From top to bottom, the show is filled with hilarious moments in a concoction of wit, slapstick, tongue-in-cheek, and general tomfoolery. The production is geared towards all-ages and has non-stop silliness to hold the interest of the younger audience members, while constantly lobbing jokes for the mature crowd over their heads.

References to the current dismantling of the patriarchy are cleverly inserted. Whaley’s Aouda makes clear, when first meeting Fogg, that she is in no way a damsel in distress and is in complete control of her situation, despite the horde of villagers chasing after her. Whaley is adorable and has an infectious smile. She gives Aouda an undiminishing positivity and love for life that radiates from her and slowly seeps into the cracks of Fogg’s hard exterior.

Morrow kills in the role of likable antagonist Detective Fix. She elongates every moment, finding the humor that many impatient actors would over-look, the sound effect of a cracking whip punctuating her movement.

Lurye, as Passepartout, is charming and takes the slights from Fogg in stride. Mason’s Fogg can’t even spare the time to learn how to properly pronounce his employee’s name, constantly calling Passepartout some variation of “Flo-flay-floo,” which is simultaneously awful and hilarious. But the two men develop a genuine friendship over the course of their trip, showing that Fogg has begun to soften under the influence of the good-natured Passepartout and spirited Aouda.

The live orchestra joins the actors on-stage, with Frazier playing the piano and conducting. The songs included are all familiar favorites and add to the fun-factor of the show. Lurye and Morrow have a tender moment with the lovely “When You’re Smiling.” And Whaley and Mason’s connection starts to transform with the sweet “You’re Nobody ‘Til Somebody Loves You.”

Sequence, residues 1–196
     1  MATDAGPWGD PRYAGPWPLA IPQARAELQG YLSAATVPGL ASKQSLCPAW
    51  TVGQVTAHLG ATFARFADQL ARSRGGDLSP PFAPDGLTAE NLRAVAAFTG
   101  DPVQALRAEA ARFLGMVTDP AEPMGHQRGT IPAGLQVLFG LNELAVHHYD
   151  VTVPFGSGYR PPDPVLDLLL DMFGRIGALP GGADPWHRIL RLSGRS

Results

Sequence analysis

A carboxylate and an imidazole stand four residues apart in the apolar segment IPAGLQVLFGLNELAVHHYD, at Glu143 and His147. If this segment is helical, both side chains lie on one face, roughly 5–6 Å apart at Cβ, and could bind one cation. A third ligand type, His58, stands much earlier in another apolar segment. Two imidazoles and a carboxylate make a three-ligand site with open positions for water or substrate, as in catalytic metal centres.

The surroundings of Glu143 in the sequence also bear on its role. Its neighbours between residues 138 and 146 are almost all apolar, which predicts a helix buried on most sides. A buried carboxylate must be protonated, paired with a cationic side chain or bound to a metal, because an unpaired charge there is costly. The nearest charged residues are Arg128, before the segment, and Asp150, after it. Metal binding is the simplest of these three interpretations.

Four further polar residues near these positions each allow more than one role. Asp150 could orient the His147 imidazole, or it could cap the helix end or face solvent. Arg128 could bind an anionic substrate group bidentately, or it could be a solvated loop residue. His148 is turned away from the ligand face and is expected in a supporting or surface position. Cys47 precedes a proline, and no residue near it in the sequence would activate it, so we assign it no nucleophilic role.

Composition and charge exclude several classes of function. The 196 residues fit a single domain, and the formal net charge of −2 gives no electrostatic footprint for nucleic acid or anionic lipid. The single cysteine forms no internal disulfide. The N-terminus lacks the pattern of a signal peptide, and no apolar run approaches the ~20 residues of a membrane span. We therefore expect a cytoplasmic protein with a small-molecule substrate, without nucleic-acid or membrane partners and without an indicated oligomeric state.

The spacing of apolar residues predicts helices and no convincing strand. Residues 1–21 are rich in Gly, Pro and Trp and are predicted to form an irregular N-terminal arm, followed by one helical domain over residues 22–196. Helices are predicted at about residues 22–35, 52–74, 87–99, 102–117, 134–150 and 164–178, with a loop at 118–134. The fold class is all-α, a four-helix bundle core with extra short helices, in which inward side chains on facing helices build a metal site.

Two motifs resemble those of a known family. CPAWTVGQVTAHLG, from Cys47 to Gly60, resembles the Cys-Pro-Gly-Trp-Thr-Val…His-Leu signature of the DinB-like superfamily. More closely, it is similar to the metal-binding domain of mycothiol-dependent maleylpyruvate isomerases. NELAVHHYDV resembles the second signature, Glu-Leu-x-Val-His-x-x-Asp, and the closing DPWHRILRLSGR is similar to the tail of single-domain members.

Claybourne Elder’s adaptation of Around the World in 80 Days is an exceptional piece of theater that makes you laugh until your face hurts. The performers dive into their characters and build the energy and excitement throughout the musical, not letting up until the journey is over.

APO’s Around the World in 80 Days is a family-friendly musical that is one solid hour of side-splitting laughter. The cast brings a perfect mix of drop-dead gorgeous vocals, physicality, and comedic absurdity that is an absolute joy to watch. My three boys, ranging from 9-12, attended with me. Watching how engaged they were and sharing that pure enjoyment of live theater with them was a beautiful thing that I know they will remember for a long time, and left us feeling warm and fulfilled even as we ventured back out into the cold.

Running time: 60 minutes, with no intermission.

Around the World in 80 Days played on January 6, 2017, at Arena Stage at the Mead Center for American Theater – 1101 Sixth Street SW, in Washington, DC. For more information on The American Pops Orchestra, go online.

1 COMMENT

  1. BTW, the names are spelled Passepartout (French for “goes everywhere”) and Aouda.

    Question: Is any of Victor Young’s original music for the movie used:
    Sky Symphony, Invitation to Bullfight, India Countryside, Around the World, Passepartout Theme, Prairie Sail Car?